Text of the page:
California shark fin ban heads to appeals court with federal backing for reversal 

click to enlarge Chinese community members say a state ban against the sale of shark fins deprives them of using it in traditional soups. - PAUL SAKUMA/2011 AP FILE PHOTO
  • Paul Sakuma/2011 AP file photo
  • Chinese community members say a state ban against the sale of shark fins deprives them of using it in traditional soups.

Chinese community representatives and advocates trying to reverse a culturally controversial California law banning shark fin possession and sales are diving into a hearing today with backing from the U.S. Department of Justice.

The Ninth Circuit Court of Appeals is scheduled today to review the community groups' appeal of the U.S. District Court's denial of a preliminary injunction, along with an amicus brief filed by the Justice Department in support of the appeal.

The Chinatown Neighborhood Association and Asian Americans for Political Advancement sued the state in 2012 to stop the ban from being implemented. The community groups allege the ban, which took full effect July 1, infringes on the Chinese tradition of eating shark fin soup in celebrations that dates back to the Han Dynasty that began in 206 B.C.

The Justice Department's brief late last month states that California's new law "obstructs the use of fishery resources lawfully obtained in federal waters." Federal acts, including the Shark Finning Prohibition Act in 2000 and Shark Conservation Act in 2010, sought to protect the endangered species without sinking the commercial fishing industry.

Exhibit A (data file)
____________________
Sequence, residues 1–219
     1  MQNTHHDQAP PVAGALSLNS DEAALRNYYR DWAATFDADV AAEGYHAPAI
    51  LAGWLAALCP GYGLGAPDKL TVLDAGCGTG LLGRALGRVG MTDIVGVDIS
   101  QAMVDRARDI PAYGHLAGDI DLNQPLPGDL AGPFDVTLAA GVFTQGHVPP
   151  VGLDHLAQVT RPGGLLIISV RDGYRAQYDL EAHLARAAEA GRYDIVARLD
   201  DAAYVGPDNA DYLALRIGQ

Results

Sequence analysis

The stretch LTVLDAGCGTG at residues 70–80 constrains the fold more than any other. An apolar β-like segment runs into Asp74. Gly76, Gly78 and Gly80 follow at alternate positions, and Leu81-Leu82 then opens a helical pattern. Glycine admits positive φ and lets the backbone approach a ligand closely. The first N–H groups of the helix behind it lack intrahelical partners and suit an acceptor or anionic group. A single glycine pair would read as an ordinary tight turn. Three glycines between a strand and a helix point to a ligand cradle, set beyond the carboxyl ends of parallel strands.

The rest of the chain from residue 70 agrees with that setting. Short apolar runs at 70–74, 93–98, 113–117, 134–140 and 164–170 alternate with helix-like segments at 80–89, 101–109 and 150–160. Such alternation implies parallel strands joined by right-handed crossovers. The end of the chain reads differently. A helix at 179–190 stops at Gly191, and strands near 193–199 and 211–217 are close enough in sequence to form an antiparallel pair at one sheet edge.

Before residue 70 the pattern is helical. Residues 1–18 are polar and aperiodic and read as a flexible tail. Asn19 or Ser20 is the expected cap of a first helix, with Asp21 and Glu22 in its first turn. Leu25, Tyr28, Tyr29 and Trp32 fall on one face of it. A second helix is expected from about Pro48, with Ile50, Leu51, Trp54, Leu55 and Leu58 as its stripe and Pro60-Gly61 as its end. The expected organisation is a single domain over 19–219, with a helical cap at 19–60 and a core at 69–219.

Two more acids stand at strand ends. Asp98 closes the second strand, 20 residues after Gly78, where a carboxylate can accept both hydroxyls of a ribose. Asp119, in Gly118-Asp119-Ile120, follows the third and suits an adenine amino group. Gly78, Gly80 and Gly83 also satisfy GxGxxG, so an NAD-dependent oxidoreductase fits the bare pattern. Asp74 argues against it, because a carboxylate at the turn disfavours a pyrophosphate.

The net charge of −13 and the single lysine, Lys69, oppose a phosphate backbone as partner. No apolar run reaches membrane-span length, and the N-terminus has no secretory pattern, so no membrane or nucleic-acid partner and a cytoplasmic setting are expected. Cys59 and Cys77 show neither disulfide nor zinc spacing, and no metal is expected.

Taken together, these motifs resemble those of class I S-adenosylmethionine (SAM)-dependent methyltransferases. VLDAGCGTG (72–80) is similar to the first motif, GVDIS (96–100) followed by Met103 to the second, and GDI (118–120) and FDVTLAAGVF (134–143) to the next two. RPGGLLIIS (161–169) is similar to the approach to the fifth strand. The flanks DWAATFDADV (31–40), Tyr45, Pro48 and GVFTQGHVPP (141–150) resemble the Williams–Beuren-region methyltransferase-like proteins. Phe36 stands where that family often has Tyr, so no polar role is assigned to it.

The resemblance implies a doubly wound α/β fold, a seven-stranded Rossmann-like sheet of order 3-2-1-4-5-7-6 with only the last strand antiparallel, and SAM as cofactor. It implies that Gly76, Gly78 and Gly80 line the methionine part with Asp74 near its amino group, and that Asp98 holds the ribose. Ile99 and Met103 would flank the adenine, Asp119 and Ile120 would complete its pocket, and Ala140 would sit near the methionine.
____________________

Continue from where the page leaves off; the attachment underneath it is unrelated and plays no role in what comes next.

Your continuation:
Federal laws now allow fishermen to catch and sell sharks as long as they use the entire carcass.

"California says you can't place the fins in commerce, which violates federal law, which says you can put the entire fish including its fins in commerce," said Joseph Breall, attorney for the Chinese community groups. "The purpose of the law allegedly is to promote shark conservation, but it doesn't really reach its purpose because federal law promotes shark conservation because there is no finning in the U.S."

The Chinese community groups are hopeful that the clout of the Justice Department will sway the appeals court into reversing the lower court's decision and grant an injunction, Breall said.

"There are bans in other states, but no one has litigated them," he said. "This is the first case, which is why the government actually put in a brief."

About The Author

Jessica Kwong

Jessica Kwong

Bio:
Jessica Kwong covers transportation, housing, and ethnic communities, among other topics, for the San Francisco Examiner. She covered City Hall as a fellow for the San Francisco Chronicle, night cops and courts for the San Antonio Express-News, general news for Spanish-language newspapers La Opinión and El Mensajero,... more
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